Fifteen-year-old Dustyn Ates has always had an artistic flair, but when he traveled to St. Jude for leukemia treatment, he devised a novel way to while away the hours between appointments. Dustyn began creating duct-tape wallets, purses and other items. He meticulously measures and cuts each strip of tape before applying it to his project du jour. “I’ve probably made more than 100 wallets,” Dustyn admits. “When we learned about Dustyn’s interest, we started keeping duct tape supplies on hand,” says Jaime Moran, his Child Life specialist. “We want him to keep up with his passion and to be able to share it with others.”
For the past year, Child Life Specialist Jessika Boles has been receiving guitar instruction from the only St. Jude patient who knows the entire musical score to The Legend of Zelda™ video games. “Because I come here often and my days are sometimes long, I spend a lot of time with Jessika,” says pianist and bass player Max Burdette, who is undergoing treatment for fibrolamellar hepatocellular carcinoma, a rare form of liver cancer. “We talk or draw or make things, or we go to the auditorium and I play piano.” The 16-year-old also creates and shares humorous lapel pins that celebrate his oncologist, Wayne Furman, MD.
“She’s just a girl, and she’s on fire,” croons Carrie-Lynn Grazette, in a private performance of a hit song by artist Alicia Keys. “She’s living in a world, and it’s on fire/Filled with catastrophe…” Since arriving at St. Jude in 2012, this teen from Barbados has endured her own challenges, undergoing two bone marrow transplants for acute myeloid leukemia. With the support of Brandon Triplett, MD, and the rest of her clinical team, Carrie-Lynn has been cancer free for nearly a year. The 2011 winner of a national calypso-singing contest, she plans to attend medical school and pursue a career of helping others.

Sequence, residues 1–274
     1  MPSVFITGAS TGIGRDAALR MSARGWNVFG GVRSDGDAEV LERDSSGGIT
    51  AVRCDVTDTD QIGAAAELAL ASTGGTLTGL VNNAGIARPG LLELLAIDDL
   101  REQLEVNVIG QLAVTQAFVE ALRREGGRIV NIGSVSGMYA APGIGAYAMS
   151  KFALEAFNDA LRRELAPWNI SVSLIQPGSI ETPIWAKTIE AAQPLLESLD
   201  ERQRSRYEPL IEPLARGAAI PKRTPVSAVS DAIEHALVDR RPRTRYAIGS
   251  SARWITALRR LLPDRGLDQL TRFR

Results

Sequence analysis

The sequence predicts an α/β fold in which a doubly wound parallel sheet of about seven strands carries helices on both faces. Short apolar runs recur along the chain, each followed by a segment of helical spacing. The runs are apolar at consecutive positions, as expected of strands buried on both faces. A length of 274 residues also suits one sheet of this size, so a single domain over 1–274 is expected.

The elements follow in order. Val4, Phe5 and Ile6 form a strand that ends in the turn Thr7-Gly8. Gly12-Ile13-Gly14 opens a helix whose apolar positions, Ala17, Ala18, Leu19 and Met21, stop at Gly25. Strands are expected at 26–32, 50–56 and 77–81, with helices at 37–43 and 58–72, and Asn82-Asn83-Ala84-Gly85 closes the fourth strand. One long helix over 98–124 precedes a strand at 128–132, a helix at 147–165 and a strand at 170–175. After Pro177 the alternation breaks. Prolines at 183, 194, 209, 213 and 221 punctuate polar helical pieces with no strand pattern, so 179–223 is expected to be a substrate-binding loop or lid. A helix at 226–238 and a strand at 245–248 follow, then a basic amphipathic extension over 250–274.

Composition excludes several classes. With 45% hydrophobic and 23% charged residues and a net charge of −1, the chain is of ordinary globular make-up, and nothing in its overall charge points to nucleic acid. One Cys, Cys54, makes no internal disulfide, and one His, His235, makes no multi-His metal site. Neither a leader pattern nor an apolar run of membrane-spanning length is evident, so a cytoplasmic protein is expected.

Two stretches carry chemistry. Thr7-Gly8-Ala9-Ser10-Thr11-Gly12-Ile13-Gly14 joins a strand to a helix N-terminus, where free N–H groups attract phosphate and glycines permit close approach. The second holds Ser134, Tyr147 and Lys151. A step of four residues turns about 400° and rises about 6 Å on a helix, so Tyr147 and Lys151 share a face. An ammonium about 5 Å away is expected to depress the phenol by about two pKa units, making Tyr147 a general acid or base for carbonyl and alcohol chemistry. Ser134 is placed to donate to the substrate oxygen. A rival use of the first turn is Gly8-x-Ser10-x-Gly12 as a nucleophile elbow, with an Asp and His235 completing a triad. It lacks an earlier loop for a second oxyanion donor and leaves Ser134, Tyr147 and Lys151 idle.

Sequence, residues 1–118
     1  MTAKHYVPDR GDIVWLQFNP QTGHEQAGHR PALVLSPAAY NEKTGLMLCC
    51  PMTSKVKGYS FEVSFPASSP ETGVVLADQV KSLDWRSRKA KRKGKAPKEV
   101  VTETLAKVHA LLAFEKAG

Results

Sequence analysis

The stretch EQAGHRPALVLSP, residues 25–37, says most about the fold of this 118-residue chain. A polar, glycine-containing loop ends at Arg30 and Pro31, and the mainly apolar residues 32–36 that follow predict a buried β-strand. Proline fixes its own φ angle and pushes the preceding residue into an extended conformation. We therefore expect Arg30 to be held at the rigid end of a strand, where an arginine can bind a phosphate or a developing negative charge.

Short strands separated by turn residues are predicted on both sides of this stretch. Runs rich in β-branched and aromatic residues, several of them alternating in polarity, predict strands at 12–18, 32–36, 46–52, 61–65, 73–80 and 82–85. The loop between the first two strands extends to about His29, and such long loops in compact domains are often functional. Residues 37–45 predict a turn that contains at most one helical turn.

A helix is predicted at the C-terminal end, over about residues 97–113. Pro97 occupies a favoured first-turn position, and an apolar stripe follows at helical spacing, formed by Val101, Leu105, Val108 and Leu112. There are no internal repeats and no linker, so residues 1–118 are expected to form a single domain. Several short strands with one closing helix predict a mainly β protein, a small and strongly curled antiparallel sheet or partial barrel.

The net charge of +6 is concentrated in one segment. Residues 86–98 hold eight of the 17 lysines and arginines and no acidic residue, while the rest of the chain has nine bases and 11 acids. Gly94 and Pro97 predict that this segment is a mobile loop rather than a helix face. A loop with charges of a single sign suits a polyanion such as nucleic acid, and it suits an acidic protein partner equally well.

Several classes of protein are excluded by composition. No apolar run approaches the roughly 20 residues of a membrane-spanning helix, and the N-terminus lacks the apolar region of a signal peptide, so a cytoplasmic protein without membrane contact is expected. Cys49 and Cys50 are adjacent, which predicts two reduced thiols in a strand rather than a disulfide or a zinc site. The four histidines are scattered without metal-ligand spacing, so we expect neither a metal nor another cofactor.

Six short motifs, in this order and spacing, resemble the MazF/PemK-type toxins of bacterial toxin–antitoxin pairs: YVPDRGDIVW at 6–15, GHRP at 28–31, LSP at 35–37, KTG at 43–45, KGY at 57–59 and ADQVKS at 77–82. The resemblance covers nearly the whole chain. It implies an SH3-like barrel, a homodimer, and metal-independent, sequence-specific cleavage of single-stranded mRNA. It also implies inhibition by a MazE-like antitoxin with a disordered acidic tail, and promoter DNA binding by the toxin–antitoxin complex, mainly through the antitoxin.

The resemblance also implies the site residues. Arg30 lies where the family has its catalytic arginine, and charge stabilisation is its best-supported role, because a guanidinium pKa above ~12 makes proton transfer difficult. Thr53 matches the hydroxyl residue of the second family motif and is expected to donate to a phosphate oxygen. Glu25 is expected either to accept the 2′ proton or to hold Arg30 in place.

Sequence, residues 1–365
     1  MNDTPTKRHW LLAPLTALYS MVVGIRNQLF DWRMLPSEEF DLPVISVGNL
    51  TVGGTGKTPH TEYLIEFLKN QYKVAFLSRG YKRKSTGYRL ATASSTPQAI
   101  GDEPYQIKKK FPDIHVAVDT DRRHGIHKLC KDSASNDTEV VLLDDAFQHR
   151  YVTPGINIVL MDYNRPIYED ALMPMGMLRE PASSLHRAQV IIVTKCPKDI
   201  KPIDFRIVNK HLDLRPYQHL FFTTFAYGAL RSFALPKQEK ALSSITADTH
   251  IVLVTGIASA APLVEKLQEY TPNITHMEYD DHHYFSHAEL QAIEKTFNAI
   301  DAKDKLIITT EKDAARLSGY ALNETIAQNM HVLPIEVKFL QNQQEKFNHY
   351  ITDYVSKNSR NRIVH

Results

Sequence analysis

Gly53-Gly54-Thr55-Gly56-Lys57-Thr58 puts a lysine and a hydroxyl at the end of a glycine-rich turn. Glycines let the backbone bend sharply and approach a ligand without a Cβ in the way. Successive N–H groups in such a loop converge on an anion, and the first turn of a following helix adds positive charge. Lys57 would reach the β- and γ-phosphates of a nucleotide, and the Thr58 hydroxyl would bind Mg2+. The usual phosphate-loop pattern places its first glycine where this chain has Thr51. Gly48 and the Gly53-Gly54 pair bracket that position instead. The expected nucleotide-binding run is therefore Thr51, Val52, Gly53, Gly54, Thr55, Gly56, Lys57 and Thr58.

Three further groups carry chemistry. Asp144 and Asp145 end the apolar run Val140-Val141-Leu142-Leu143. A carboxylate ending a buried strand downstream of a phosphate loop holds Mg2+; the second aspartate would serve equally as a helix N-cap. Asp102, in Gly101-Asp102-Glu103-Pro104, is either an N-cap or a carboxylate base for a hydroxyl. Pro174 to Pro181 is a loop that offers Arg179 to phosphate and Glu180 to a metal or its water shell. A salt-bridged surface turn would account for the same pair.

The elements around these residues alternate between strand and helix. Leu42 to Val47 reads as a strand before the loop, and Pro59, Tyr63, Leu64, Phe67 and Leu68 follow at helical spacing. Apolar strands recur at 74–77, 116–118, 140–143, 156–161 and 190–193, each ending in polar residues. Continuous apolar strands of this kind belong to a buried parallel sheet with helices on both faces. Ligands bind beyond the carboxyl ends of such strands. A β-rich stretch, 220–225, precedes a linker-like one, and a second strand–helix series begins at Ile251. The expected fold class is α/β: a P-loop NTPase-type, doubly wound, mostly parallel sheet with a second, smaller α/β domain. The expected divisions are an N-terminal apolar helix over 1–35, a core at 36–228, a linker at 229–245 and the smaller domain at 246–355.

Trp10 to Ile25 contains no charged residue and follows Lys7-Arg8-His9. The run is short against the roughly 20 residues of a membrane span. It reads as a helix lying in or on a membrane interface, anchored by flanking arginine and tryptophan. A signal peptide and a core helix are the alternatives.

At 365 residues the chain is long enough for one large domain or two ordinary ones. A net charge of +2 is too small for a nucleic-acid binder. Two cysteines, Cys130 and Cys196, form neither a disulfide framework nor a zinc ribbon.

With a voice as smooth as butter, Hailey Kennedy provides an a capella concert for some of her biggest fans. Hailey credits St. Jude staff and volunteers with helping her to keep pace with her classmates at the performing arts school she attends in Florida. “The people at St. Jude helped me cope by being amazingly generous and kind,” says Hailey, who is receiving treatment for acute myeloid leukemia. “I’ve developed great relationships with all my nurses and doctors.” The talented 13-year-old has also expanded her aspirations: “After going through treatment at St. Jude,” she says, “I now have an interest in becoming a doctor.”
Lights, camera…action. For the past three years, Markell Gregoire has been writing, directing and starring in a documentary while undergoing treatment for bone cancer. The 14-year-old with the trademark sunglasses and dazzling smile received assistance on the project from numerous employees, including Michelle DiBoyan-Zitta, a videographer/editor in St. Jude Biomedical Communications. Titled “My Struggle,” the hour-long biopic offers a glimpse into Markell’s cancer journey. He has shared the finished product with his clinical team and family members. “It has happy moments, serious moments, funny moments and everything in between,” the young filmmaker says.
Editor's note: Markell lost his battle with cancer February 13, 2016.
Budding filmmaker, fiction writer, screenwriter and artist Andrew Hurd has not allowed a diagnosis of acute lymphoblastic leukemia to impede his academic progress or dampen his artistic abilities. In fact, his progress has accelerated. With the assistance of St. Jude school teacher Justin Gardner, the 17-year-old completed his final two years of high school in one year. “I had a lot of extra time, so I basically just power-housed through it,” Andrew says. The imaginative young writer often bounces ideas off his social worker, Ken Mitten (pictured with Andrew). When they aren’t laughing, talking or joking, the two collaborators evaluate one another’s writing.
Abridged from Promise, Autumn 2013